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I'm wondering the differences or comparisons of having an Auto Increment int Id column or an indexed VARCHAR(32) column. Which one would be faster if I had a second table that references the first table by joining? Like in the second table, would I store the Auto Increment INT id or the indexed VARCHAR column? What are the advantages or disadvantages, if any?

Which would be the more common practice? Create Auto Increment id column for almost every table? Or we can simply index a column that has a unique 36-char ID (like in SugarCRM) so the other tables can just use that when doing joins? I hope I explained my question fairly clear.

  • Sounds like you have UUIDs. Use BINARY(16), not VARCHAR(36). If used as foreign key, it won't be as good as INT (4 bytes) or BIGINT (8 bytes) but still 16 is far better than 36. – ypercubeᵀᴹ Jun 24 '16 at 10:26
  • Ok. Yea I remember now about the hexadecimal id's. – TurtleTread Jun 24 '16 at 10:51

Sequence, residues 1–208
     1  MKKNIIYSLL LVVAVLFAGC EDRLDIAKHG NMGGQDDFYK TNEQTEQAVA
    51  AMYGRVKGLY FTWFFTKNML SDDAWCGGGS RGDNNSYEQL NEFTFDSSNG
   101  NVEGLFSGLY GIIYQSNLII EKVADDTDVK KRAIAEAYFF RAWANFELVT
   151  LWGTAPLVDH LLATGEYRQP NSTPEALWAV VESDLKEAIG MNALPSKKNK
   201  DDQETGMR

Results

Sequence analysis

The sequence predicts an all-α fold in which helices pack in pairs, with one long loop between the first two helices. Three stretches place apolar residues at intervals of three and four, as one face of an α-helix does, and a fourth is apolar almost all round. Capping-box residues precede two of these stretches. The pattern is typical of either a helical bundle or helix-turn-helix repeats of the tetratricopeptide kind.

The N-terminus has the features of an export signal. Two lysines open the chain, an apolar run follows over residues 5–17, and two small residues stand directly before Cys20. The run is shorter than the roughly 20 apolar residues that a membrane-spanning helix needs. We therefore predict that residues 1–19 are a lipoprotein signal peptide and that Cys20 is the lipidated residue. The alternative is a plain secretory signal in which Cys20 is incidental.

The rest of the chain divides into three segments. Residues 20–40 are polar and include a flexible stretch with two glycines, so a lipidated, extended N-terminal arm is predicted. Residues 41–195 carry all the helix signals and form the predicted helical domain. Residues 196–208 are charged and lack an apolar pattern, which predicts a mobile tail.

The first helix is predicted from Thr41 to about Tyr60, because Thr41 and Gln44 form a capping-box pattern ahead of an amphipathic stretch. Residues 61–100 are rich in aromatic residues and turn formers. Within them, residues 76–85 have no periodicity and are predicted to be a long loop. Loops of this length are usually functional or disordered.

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UUIDs are terrible when the table becomes too large to be cached. (If your table will never get very big, you can ignore the rest of my rant.)

The problem comes with the randomness of UUIDs. You fetch one row; it's in one place. You fetch another row, it is extremely likely to be in some other block. This leads to lots of I/O.

In contrast, AUTO_INCREMENT ids are inserted in roughly chronological order. A bunch (say, 100) rows will land in one block before moving on to the next block. This makes INSERTs efficient. It often makes reads efficient, too -- because often you are looking for records of similar vintage -- such as with a date range.

Think of News articles. Most people look at the latest news; the older records collect dust in the cache until they are bumped out. So, the cache tends to keep the latest rows. With UUIDs, old and new articles share the same block.

More on UUIDs.

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